Pakistan averts protest crisis, heads towards historic polls
Islamabad has brokered an end to a protest challenging its rule that paves the way to historic elections, but rising violence in the weak nuclear-armed state is still a threat, analysts say.
After another week of profound instability, Pakistan’s civilian politicians are arguably more resilient than ever, credited with averting fears of a rumoured military-judicial plot to subvert a democratic transition of power.
Charismatic preacher Tahir-ul Qadri brought the centre of Islamabad to a standstill for four days in the largest rally seen in the heavily guarded capital for years, but retreated overnight after winning few concessions.
Qadri secured only a vague date for parliament to dissolve by mid-March and a promise that he would be consulted on the appointment of a caretaker prime minister in the run-up to polls, as well as a 30-day period for candidates to be screened.
“We are moving in the right direction. It shows Pakistan is not as fragile as people think,” said political analyst and retired general Talat Masood.
It fell far short of his call for an Egypt-style revolution and the immediate collapse of the government to make way for an administration of technocrats to introduce sweeping reforms before elections.
For the moment, an order from the Supreme Court to arrest Prime Minister Raja Pervez Ashraf over corruption allegations has been left hanging and even if he is detained, he can continue on the job until and unless he is convicted.
President Asif Ali Zardari’s government looks more certain now of holding on to become the first civilian government in Pakistan history to complete a term in office and achieve a democratic transition at the ballot box, by mid-May.
Analysts and newspapers fell over themselves to congratulate politicians for showing maturity and uniting against Qadri, regardless of the lack of evidence that the military was engineering a fourth coup from behind the scenes.
“This time we surely have moved on,” Raza Rumi, director of policy at the Jinnah Institute think tank, told reporters.
“Because all political parties that have a stake in the democratic system stood together and resisted the attempt to derail the constitution. And that is a major development in the Pakistani context,” he told reporters.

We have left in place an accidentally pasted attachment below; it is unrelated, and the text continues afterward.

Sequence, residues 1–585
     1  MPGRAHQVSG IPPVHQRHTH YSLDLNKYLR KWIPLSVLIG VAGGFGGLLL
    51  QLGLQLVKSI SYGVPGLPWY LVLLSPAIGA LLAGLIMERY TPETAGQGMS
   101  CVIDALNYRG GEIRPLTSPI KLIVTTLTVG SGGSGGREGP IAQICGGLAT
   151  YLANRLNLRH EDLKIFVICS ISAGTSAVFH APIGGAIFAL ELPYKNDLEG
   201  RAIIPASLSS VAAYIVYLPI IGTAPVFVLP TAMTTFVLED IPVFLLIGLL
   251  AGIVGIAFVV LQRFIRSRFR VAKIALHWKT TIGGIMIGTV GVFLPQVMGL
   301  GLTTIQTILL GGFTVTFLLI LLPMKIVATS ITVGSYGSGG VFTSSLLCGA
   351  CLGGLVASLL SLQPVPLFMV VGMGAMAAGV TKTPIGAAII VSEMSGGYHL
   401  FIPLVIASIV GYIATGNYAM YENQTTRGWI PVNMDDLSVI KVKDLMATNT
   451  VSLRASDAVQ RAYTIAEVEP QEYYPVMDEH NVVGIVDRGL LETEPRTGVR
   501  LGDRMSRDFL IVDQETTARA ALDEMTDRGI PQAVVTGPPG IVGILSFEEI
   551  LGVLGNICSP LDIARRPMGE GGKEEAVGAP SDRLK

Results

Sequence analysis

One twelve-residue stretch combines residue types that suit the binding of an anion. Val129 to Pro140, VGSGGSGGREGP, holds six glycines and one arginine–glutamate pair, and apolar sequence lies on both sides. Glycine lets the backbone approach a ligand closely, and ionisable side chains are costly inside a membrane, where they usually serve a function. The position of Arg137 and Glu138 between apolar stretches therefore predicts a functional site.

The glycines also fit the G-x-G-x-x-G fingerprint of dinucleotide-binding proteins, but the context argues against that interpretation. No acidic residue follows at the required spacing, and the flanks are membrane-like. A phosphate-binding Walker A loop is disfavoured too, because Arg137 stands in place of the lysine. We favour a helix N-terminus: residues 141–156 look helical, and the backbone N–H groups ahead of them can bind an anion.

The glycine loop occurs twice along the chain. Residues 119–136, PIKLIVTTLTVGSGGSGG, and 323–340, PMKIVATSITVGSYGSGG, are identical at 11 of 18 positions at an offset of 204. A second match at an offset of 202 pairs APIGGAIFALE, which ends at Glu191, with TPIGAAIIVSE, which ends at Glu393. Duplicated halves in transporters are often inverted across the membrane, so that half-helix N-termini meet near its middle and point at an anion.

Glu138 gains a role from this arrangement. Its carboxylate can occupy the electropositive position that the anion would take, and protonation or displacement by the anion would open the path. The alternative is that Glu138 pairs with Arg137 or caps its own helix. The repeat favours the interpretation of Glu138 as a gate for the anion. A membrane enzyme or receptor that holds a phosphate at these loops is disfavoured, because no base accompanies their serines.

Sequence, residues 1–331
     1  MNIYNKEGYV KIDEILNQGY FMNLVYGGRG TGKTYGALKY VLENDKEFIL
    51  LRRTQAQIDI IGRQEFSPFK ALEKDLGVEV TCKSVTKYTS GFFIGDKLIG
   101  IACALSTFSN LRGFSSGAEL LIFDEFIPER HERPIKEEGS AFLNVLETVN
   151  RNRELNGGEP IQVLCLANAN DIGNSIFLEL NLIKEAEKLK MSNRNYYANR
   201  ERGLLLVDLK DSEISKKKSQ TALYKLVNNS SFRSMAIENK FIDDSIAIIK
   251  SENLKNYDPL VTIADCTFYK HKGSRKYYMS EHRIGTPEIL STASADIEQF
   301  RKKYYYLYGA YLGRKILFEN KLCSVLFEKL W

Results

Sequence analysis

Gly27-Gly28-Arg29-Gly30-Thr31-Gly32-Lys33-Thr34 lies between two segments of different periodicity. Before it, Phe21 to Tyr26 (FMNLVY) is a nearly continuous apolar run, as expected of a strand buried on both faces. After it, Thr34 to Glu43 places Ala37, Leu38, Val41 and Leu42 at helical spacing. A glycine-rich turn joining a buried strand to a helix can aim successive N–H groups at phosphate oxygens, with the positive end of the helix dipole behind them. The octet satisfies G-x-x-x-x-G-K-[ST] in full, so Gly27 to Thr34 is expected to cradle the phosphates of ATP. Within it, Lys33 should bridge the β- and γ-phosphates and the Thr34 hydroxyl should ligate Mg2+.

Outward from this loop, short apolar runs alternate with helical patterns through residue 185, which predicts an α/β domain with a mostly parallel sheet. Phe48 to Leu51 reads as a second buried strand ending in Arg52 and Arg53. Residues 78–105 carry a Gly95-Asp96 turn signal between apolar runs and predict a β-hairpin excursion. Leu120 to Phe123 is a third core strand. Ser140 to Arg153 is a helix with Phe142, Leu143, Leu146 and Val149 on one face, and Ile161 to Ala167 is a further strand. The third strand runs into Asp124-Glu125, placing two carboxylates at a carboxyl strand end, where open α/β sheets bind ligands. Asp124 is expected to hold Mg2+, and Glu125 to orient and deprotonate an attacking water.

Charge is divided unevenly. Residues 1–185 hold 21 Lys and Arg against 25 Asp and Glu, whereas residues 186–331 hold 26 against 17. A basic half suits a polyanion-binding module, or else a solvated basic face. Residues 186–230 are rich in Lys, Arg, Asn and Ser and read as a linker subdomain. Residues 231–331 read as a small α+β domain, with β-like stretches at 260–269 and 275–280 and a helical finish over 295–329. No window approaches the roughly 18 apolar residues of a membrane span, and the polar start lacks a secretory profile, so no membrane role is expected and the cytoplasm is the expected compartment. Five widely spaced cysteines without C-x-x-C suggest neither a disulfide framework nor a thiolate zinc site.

But Qadri’s protest also underscored deep frustrations.
The economy is in a worse state now than when the government was elected in 2008, Taliban attacks are on the rise, Shiite Muslims are suffering record levels of violence, as is Karachi, the country’s business and economic hub.
Appalling gas and electricity cuts are getting worse, making the lives of millions of people unbearable and hammering industry.
Educated Pakistanis, men and women, are increasingly fed up with a corrupt elite that seems either unable or unwilling to stem the violence, and provide jobs, an an adequate education and public health service.
“The four-day dharna (sit-in) has brought to the fore the widening political, social and economic fissures in our society,” wrote author Zahid Hussain in Dawn newspaper, warning that the reverberations would leave a deep impact.
Islamist militancy and ethnic and political tensions in Karachi, where the Taliban on Friday claimed the killing of a secular lawmaker from the dominant party, all raise the prospect of a bloodied election.
The military, which is still dominant in foreign and security policy, is also in flux. Army chief Ashfaq Kayani, a key US ally who was humiliated by the 2011 raid that killed Osama bin Laden, is to step down this year.
“Foreign powers view Pakistan as a nuclear weapons state, a country which is unstable facing political uncertainty,” said political analyst Hasan Askari.
“Further chaos cannot be ruled out. The government wants to hang on. But they have no capacity,” he warned.
Further afield, fledgling peace gains with India have appeared under threat over five killings in the deadliest cross-border violence in Kashmir for years.
Pakistan has recently been praised for playing a constructive role in peace efforts in Afghanistan, but concerns remain in Delhi, Kabul and Washington about support for Islamist militants, harboured by elements in the military.
And as US troops leave Afghanistan next year, there is uncertainty about a potential spill-over of violence into Pakistan and Pakistan’s role as traditional supporters of the Taliban in a country, where it fears rising Indian influence.
“The next two years are likely to be bad for the region,” said Mutahir Sheikh, professor of International Relations at Karachi University.
He said the United States would be watching closely and counselled Pakistan to pursue a policy of non-interference in Afghanistan.
“It has already lost a lot. It cannot afford further losses on this,” he said.